The son of Christopher A. and Nellie (Dewar) Godfrey, Albert Earl Godfrey was raised in Vancouver, British Columbia. In 1902, at the age of 12, he joined the 6th Regiment of the Duke of Connaught's Own Rifles as a drummer and bugler.
Standing five feet eight inches tall, the 25 year old unmarried gunsmith enlisted in the Canadian Over-Seas Expeditionary Force on 8 October 1915. After serving with 11th Canadian Mounted Rifles, he transferred to the Royal Flying Corps in 1916. In October of that year, he scored his first victory as an F.E.2b observer with 25 Squadron. In the summer of 1917, flying the Nieuport 17 with 40 Squadron, he scored thirteen victories in France. He ended the war with 44 Squadron, in the Home Defence, flying the Sopwith Camel against zeppelins and bombers.
Godfrey joined the Royal Canadian Air Force in 1922 and, in 1926, accompanied American millionaire, J. Dalzell McKee, on the first flight across Canada, from Montreal to Vancouver, in a Douglas MO-2B seaplane. He rose to the rank of Air Vice-Marshal in the R.C.A.F. before he retired in 1944. In 1977, for his outstanding achievements with the R.C.A.F., he was awarded the Trans-Canada Trophy (McKee Trophy), Canada's oldest aviation award. Godfrey was inducted into the Canadian Aviation Hall of Fame in 1982.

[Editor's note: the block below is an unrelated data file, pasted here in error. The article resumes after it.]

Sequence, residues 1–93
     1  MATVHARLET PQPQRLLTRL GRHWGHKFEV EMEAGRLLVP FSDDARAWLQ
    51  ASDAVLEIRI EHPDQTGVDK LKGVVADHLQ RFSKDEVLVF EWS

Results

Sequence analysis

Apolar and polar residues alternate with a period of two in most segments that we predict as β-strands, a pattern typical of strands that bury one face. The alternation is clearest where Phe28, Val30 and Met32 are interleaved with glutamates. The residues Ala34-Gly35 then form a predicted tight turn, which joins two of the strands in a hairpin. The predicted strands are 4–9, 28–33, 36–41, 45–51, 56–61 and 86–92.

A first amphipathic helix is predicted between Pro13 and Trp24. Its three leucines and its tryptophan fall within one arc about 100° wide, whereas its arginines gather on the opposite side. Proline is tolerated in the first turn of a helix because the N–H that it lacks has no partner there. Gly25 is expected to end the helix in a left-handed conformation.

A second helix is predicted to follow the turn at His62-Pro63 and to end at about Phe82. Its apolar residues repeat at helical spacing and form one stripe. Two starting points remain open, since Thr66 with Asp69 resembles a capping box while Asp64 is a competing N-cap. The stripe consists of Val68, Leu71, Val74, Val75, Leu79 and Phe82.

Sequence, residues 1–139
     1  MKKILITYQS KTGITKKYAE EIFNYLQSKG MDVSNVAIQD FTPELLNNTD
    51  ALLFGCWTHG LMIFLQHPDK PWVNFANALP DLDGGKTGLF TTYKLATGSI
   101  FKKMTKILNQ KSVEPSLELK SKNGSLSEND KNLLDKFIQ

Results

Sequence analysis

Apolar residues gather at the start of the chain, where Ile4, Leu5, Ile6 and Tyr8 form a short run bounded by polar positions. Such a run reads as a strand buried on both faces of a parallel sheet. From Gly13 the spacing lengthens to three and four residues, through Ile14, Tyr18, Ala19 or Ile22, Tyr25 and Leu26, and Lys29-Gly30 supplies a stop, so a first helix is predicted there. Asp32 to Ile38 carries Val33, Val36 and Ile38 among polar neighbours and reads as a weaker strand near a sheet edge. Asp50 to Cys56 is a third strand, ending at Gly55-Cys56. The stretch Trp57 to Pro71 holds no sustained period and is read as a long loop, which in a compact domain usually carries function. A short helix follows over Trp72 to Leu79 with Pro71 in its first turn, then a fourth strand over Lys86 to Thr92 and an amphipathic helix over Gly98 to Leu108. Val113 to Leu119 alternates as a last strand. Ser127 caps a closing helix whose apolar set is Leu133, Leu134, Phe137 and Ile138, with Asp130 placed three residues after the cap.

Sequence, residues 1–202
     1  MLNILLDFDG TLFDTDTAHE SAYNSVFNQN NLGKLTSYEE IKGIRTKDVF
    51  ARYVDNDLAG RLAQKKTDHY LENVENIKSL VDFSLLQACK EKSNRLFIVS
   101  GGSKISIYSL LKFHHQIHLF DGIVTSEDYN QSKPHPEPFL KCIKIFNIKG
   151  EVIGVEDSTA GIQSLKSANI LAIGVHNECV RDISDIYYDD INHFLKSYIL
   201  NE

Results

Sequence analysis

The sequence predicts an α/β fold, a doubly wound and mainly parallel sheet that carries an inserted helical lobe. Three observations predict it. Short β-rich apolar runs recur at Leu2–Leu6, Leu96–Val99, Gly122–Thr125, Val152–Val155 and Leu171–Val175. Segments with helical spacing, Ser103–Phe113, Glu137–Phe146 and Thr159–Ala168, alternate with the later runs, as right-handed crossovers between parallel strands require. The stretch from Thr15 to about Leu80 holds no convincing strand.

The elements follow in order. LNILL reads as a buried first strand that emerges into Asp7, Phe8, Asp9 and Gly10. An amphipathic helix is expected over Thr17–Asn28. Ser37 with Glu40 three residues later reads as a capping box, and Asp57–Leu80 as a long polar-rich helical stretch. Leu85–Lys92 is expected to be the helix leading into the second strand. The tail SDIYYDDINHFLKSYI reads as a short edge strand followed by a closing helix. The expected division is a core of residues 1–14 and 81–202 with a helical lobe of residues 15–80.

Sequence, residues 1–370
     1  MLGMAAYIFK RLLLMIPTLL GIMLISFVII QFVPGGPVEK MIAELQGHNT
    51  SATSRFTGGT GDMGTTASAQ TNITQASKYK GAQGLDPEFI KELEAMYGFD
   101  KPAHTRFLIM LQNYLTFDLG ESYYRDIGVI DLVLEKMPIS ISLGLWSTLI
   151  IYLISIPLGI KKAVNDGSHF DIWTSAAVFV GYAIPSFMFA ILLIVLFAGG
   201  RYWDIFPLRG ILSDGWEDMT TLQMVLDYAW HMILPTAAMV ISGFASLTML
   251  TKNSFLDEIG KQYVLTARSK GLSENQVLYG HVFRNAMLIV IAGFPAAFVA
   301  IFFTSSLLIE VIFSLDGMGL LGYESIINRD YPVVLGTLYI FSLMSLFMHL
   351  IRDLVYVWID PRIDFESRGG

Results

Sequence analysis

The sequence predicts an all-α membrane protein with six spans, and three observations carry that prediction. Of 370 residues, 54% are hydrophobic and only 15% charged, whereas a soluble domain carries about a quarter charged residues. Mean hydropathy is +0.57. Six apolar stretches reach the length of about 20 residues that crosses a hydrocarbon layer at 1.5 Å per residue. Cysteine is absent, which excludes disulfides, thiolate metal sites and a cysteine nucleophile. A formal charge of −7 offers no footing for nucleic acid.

Douglas MO-2B seaplane flown Albert Earl Godfrey and J. D. McKee, September 1926
Military Cross (MC)
Temp. 2nd Lt. Albert Earl Godfrey, Gen. List, and R.F.C.
For conspicuous gallantry and devotion to duty in constantly attacking hostile machines at close range, regardless of personal risk or of their being in superior numbers.